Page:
The Central Baltic Programme 2014-2020 finances result orientated cross-border cooperation projects in Estonia, Finland (incl Åland), Latvia and Sweden

Enthusiasm, ideas and business culture at RIBS’s Get the deal competition

As a newcomer, I think that there’s no better way to discover the Central Baltic programme and its area than to meet its projects. Meeting people who have directly benefitted from cross-border cooperation enables me to recognize the concrete outcomes of territorial cooperation: concretely getting closer to projects, as I did attending RIBS project’s Get the deal event in Turku, added value to my job as an IVY volunteer.

Project RIBS – which is based in Sweden, Åland, Finland and Estonia – works with youngsters from archipelago and rural areas on empowering their entrepreneurial attitudes: the Get the deal competition was set up in this framework.

The event took place in Turku between  27-30 October and was a business competition among six teams formed by students from different high schools: Katedralskolan i Åbo, Kimitoöns gymnasium, Paraisten lukio, Pargas svenska gymnasium, Åbo Yrkesinstitut from Finland and St. Eriks gymnasium from Sweden. Each team collaborated with a company (there was a huge variety, considering that it was possible to find tech companies such as Partel and Hibox alongside the town administration of Kimitoön, then Fabrik 1686, situated in Taalintehdas, the Kashmi Dance Company and the Turku-based toy shop Casagrande) in order to find a business solution suitable for their case. The students’ teams worked closely with the companies, who provided them with a challenge to tackle. During the weekend, the teams had the possibility to get to know the company they were linked to better, in order to come up with a solution that would better fit their challenge before presenting it to the competition’s jury on Monday 30 October.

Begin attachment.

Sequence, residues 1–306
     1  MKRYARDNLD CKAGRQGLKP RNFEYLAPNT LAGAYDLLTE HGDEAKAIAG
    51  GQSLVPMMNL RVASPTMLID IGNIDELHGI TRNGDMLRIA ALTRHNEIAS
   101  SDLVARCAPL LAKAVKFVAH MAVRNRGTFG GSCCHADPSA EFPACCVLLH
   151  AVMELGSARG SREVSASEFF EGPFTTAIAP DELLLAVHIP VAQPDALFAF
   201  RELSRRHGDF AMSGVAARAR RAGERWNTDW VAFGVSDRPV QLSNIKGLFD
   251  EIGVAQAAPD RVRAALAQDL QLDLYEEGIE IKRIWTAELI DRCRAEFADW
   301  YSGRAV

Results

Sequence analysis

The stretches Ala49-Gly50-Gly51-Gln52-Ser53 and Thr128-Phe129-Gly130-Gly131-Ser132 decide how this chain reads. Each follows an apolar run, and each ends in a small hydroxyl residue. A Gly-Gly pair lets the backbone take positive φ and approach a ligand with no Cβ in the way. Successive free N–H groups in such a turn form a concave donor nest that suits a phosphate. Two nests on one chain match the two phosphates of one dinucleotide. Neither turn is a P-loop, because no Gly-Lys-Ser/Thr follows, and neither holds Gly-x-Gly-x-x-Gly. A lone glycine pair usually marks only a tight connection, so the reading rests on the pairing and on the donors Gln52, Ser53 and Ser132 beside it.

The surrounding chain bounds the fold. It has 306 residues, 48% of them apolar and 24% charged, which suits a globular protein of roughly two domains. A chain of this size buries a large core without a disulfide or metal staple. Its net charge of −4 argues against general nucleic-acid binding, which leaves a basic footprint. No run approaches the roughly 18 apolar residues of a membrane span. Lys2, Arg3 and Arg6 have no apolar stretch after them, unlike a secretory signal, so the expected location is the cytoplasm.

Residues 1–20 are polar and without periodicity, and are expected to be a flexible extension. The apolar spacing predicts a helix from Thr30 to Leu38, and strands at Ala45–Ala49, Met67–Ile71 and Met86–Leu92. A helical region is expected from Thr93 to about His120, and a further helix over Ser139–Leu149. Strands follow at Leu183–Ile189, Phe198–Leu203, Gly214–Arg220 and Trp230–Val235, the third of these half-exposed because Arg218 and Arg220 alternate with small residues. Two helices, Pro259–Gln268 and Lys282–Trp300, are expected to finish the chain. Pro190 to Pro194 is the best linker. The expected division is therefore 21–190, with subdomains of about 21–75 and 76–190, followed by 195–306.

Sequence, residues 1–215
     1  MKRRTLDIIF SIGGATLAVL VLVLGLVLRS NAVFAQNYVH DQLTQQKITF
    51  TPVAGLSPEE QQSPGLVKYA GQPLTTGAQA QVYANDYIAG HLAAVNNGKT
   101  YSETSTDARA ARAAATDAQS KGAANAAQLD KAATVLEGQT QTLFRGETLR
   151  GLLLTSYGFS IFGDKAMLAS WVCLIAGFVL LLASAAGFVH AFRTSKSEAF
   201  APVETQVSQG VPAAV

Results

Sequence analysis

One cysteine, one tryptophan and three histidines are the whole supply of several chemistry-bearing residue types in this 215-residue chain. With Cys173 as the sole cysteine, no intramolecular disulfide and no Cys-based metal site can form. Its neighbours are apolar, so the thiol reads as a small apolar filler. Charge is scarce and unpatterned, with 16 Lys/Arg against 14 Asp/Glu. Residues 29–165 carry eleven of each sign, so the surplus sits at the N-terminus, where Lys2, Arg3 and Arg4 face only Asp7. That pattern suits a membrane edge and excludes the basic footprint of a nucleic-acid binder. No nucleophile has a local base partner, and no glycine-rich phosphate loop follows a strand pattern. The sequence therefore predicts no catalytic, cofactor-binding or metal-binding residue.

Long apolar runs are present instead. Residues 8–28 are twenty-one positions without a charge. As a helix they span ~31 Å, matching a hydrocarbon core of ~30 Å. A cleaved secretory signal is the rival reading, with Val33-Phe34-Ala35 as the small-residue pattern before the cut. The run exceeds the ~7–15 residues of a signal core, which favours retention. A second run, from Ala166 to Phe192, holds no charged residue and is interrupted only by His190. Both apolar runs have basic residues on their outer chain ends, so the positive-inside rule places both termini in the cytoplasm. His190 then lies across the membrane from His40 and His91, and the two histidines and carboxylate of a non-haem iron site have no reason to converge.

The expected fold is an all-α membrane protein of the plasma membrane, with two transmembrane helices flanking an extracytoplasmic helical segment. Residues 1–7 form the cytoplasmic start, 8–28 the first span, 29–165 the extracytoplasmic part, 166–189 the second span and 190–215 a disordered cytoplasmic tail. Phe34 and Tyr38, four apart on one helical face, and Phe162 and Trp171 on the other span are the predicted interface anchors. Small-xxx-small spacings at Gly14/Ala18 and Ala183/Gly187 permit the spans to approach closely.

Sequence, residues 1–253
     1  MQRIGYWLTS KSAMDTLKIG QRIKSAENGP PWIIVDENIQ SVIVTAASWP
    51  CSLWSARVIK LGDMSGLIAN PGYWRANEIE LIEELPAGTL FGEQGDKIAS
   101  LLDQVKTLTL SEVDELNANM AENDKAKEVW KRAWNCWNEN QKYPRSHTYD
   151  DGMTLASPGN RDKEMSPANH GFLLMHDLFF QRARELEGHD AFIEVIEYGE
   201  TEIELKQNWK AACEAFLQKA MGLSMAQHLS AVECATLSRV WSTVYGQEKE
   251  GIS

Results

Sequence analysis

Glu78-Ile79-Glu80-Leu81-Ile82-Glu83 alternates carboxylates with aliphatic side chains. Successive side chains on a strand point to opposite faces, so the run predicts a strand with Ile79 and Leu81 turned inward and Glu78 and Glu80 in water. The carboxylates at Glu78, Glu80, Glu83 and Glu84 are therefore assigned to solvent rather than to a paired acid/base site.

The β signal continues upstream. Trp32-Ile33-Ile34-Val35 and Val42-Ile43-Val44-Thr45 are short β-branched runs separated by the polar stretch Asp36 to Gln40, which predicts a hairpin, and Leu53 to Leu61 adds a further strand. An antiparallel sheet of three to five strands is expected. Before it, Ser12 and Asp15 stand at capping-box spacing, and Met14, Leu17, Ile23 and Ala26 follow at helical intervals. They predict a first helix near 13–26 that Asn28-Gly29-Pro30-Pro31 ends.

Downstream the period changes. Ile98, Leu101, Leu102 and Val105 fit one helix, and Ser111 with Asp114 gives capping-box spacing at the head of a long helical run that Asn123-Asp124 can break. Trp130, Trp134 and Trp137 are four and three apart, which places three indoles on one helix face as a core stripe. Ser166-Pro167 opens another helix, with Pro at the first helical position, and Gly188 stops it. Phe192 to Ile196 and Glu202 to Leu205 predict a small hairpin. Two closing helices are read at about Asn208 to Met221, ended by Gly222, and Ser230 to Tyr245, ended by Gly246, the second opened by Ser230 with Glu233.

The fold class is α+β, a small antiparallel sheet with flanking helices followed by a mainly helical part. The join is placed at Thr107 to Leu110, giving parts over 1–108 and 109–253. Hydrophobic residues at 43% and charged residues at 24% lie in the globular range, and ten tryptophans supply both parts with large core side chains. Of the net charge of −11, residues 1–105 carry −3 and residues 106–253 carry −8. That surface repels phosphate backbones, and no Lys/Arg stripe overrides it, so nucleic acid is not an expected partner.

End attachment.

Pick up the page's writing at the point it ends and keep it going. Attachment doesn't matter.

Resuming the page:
“It’s easy to find companies which want to collaborate with  Get the deal” told me RIBS’s project leader for Finland Oliwer Bäcklund “we have a wide range of companies who worked with us and are really pleased with the results, so we can just make reference to them”.

Get the deal 2017 was in fact the latest of a series of competitions, organized by project RIBS. The business game stemmed from the Pargas gymnasium’s principal idea of. At first it was a part of a business administration course taught in the school. Later on the idea was up scaled thanks to the involvement of project RIBS.

The most notable feature of the Get the deal’s upscaling is the cross-border element. In Turku, the competition brought together 23 high-school students from different parts of the project’s area. Furthermore “we had also people who visited the competition to get to know the concept, such as high-school professors from Sweden”, confirmed Finland’s project leader.


                                                                Get the deal's young participants (photo: Filip Lundsten/Meaningless Productions)

In the past years, especially since the idea evolved into a project financed by the Central Baltic programme, Get the deal has gained popularity and visibility- it became something for which “students wait for the entire year: everyone wants to be part of the competition”, said Oliwer Bäcklund, “schools have to handpick students, because they can send only 4 students per school”.